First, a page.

Peter "Pete" Joseph Incaviglia (born April 2, 1964) is a retired Major League Baseball (MLB) outfielder. He was drafted in the first round (eighth overall pick) by the Montreal Expos in the 1985 amateur draft out of Oklahoma State University, but was traded later the same year to the Texas Rangers. He debuted in the major leagues on April 8, 1986, without having spent any time in the minor leagues. Incaviglia played for 12 seasons from 1986 to 1998 with six different teams. His last game was on September 27, 1998. He was noted for his power, but also for his tendency to strike out. He led the majors in strikeouts by a hitter in 1986 and 1988. He struck out 1,277 times in his career. He owns the single-season National Collegiate Athletic Association (NCAA) home run record, with 48, and run batted in record, with 143.
At Oklahoma State, Incaviglia became one of the greatest power hitters in College Baseball history. In three seasons he amassed 100 home runs (in 213 games) and had a career slugging percentage of .915. In his junior season, he hit 48 home runs and finished the year with an NCAA record 1.140 slugging percentage. He also led Oklahoma State to the College World Series in each of his three seasons. He is still the NCAA Division I baseball all-time leader in home runs in a career and home runs in a season.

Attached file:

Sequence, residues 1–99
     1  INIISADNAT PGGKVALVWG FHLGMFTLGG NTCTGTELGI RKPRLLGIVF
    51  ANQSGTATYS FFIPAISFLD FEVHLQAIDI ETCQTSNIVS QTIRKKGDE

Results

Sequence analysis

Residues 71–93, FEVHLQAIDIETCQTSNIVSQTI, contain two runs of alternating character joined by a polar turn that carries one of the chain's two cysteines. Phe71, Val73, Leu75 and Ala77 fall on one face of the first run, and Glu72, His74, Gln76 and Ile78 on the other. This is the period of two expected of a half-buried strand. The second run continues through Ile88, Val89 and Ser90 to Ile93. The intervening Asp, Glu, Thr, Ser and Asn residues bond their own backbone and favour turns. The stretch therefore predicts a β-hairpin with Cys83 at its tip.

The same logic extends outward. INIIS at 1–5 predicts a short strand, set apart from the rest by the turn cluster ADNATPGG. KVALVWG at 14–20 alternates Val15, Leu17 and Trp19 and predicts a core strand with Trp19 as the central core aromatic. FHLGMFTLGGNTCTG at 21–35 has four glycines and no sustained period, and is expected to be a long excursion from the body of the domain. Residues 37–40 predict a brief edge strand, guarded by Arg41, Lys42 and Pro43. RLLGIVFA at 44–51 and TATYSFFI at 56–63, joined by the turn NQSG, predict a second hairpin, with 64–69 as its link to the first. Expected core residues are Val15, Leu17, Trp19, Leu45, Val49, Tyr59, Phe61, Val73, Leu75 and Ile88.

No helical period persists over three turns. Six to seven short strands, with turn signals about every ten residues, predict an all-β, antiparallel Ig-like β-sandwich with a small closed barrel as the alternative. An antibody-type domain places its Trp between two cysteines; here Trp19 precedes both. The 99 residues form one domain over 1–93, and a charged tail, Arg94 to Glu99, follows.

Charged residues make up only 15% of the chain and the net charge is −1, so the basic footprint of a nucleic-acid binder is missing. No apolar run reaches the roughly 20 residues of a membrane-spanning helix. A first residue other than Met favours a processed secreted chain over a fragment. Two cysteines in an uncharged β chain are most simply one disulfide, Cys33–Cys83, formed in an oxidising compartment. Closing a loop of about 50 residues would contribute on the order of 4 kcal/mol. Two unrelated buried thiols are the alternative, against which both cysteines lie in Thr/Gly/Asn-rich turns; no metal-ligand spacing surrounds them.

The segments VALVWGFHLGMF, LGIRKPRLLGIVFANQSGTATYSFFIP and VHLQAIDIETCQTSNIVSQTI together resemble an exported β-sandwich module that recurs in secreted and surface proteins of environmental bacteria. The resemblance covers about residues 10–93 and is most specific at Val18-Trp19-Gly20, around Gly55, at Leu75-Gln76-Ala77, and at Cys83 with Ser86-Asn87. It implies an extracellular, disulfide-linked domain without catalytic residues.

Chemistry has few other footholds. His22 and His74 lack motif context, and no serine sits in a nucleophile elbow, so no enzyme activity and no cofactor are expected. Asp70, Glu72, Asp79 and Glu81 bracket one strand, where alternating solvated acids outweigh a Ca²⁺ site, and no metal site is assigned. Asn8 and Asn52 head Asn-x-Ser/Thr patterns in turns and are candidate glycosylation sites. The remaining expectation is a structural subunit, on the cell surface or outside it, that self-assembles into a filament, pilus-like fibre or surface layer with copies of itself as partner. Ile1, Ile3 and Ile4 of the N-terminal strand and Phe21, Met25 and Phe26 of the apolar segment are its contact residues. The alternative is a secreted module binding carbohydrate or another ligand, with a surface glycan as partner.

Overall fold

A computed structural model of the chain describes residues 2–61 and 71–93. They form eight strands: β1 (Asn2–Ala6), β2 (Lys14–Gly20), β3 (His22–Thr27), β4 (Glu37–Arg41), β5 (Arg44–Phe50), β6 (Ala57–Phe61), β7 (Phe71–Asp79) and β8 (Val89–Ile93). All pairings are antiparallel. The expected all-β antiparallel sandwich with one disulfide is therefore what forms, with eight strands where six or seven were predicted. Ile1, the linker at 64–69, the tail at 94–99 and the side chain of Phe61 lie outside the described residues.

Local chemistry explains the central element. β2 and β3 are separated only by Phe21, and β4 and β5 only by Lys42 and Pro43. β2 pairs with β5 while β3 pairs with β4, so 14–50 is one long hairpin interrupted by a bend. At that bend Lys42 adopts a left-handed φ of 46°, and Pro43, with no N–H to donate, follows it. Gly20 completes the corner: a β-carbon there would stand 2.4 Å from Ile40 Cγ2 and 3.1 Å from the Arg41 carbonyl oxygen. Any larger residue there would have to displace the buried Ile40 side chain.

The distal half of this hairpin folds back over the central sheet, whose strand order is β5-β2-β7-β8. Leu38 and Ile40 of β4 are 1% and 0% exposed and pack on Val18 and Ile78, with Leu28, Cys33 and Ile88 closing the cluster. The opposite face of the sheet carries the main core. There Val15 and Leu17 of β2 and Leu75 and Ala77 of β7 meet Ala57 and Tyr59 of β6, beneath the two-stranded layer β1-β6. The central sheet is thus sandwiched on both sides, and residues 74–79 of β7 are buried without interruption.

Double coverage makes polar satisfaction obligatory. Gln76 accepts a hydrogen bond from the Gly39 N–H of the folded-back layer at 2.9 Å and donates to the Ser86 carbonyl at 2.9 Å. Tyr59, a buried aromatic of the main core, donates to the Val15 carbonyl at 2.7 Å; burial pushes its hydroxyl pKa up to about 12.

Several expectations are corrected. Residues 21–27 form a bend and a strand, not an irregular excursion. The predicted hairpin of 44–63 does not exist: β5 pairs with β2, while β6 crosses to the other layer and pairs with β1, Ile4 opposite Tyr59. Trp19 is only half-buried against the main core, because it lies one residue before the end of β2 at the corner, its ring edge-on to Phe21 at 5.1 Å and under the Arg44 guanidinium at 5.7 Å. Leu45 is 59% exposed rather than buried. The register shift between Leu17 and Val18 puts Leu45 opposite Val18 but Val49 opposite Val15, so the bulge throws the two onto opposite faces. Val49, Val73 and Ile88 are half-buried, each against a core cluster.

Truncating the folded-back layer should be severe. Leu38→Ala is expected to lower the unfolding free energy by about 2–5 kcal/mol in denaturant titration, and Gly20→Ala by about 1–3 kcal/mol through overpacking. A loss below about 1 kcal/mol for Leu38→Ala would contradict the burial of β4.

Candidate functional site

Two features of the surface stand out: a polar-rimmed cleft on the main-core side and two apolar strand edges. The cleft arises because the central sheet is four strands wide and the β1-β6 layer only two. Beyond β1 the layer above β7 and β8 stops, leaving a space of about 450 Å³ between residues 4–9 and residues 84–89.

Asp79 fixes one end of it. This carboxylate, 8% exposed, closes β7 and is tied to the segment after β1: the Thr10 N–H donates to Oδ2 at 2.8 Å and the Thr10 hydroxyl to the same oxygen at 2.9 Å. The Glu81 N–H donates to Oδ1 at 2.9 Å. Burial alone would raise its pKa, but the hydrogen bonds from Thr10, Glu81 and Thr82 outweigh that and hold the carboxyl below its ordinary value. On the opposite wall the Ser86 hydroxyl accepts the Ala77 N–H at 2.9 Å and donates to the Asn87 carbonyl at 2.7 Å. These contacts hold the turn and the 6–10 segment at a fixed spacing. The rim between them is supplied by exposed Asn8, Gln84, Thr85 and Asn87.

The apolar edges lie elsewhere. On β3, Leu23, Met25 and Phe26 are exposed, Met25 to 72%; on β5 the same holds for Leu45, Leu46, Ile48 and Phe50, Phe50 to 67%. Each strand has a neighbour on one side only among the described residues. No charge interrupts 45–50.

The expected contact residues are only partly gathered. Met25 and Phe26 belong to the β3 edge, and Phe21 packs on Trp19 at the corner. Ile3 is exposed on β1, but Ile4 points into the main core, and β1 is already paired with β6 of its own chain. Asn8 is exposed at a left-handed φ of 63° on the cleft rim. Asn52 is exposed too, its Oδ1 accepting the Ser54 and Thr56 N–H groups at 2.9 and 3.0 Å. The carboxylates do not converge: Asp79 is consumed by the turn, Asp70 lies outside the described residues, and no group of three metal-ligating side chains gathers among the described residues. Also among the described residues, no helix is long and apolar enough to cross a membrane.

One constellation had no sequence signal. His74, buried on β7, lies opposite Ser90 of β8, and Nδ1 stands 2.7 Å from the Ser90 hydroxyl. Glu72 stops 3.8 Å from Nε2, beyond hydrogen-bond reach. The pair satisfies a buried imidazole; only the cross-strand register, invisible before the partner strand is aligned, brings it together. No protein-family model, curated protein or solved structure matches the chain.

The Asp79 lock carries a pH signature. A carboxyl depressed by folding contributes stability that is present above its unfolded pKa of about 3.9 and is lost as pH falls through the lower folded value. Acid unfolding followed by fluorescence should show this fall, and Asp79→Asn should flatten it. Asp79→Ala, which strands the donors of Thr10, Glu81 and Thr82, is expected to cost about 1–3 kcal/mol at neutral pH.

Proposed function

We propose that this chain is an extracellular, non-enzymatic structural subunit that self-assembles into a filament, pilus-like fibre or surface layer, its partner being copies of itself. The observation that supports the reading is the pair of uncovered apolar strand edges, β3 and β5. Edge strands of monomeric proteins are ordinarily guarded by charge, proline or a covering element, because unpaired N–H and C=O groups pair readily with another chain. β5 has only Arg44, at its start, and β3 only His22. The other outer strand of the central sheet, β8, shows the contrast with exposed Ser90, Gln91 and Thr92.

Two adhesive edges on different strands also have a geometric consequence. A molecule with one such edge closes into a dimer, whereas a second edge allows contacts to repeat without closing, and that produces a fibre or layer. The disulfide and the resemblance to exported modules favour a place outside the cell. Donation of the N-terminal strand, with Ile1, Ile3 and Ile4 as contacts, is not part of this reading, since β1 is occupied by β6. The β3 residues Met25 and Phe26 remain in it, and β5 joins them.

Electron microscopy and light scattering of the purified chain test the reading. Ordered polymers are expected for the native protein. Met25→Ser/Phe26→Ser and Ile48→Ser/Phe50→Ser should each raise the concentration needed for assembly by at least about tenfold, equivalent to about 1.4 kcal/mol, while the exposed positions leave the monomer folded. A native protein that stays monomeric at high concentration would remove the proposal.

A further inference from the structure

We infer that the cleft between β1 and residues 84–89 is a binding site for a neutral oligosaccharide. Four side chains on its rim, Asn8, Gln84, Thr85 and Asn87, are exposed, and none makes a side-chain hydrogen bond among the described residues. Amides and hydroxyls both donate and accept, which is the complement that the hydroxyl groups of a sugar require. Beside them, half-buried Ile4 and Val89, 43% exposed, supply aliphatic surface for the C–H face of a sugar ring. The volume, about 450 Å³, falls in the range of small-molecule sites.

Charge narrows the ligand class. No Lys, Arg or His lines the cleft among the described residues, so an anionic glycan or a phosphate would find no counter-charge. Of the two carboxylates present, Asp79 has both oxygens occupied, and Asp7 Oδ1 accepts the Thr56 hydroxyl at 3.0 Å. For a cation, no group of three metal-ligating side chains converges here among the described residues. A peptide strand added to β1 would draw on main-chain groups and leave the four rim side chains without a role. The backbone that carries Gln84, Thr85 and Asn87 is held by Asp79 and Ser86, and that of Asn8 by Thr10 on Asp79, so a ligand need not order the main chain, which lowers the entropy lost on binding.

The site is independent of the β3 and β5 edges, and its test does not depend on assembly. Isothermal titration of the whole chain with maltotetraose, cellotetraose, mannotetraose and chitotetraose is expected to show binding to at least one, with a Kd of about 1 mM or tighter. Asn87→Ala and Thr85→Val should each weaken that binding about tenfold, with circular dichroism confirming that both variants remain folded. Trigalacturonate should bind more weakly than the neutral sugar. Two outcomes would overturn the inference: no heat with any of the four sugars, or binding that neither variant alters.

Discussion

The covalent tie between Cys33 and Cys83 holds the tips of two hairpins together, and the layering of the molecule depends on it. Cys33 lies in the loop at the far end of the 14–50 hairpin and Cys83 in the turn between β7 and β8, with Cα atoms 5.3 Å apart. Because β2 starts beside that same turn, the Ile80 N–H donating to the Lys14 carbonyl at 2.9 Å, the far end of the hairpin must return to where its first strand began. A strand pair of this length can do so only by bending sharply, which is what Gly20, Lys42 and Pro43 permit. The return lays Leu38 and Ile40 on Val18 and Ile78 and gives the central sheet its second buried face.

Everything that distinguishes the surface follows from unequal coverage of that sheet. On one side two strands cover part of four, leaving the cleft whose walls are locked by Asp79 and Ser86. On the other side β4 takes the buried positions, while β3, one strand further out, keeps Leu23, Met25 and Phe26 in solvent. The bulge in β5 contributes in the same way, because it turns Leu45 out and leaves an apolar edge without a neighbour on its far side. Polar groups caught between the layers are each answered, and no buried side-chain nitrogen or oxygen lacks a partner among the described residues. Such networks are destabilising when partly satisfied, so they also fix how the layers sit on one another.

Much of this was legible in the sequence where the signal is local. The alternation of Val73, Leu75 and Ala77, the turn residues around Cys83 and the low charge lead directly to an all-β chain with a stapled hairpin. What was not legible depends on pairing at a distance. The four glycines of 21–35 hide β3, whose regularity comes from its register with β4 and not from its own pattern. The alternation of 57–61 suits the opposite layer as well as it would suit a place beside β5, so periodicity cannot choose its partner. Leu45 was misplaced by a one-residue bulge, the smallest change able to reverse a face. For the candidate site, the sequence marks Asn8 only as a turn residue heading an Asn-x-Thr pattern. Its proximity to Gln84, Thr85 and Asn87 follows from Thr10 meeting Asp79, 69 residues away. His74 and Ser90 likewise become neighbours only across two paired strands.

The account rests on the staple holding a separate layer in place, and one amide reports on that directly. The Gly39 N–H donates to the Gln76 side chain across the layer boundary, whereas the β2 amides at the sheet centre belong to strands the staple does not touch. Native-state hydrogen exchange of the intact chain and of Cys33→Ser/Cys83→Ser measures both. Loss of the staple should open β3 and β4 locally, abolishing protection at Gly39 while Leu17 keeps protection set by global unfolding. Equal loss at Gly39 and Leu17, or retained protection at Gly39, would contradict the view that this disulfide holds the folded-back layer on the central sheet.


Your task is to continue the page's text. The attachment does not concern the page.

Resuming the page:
Incaviglia's rookie season came in 1986. Drafted by the Montreal Expos, he refused to play a day in the minor leagues. He was traded to the Texas Rangers who would grant the request and make him the 15th player in Major League history to debut in the majors without ever playing minor league ball since the amateur draft began in 1965. He had the tenth most home runs in the league (30) and set a Rangers club record, but also struck out the most times in 1986, and currently holds eighth-place on the single-season strikeout record. His rookie season set a standard that he would be unable to match the rest of his career. In 1987, his home run output decreased by three, but his batting average climbed 21 points, he had a better slugging percentage, and he cut down his strikeouts by 17.
Incaviglia hit at least 20 home runs in his first five seasons, all with Texas. His playing time and production dropped thereafter in single seasons with Detroit and Houston, but his career received a boost when he was signed by the Philadelphia Phillies before the 1993 season. He and fellow outfielder Jim Eisenreich were key acquisitions for the team that would go on to win the division and reach the World Series (one year after finishing in last place). In just 368 at-bats, Incaviglia hit 24 home runs and drove in a career-best 89 runs. He also posted career highs in OPS (.848) and WAR (2.9).
As a result of the Expos trading Incaviglia immediately after signing him, Major League Baseball instituted a rule whereby a team cannot trade a drafted player until he has been under contract to the club for at least one year. This is now known as the Pete Incaviglia Rule.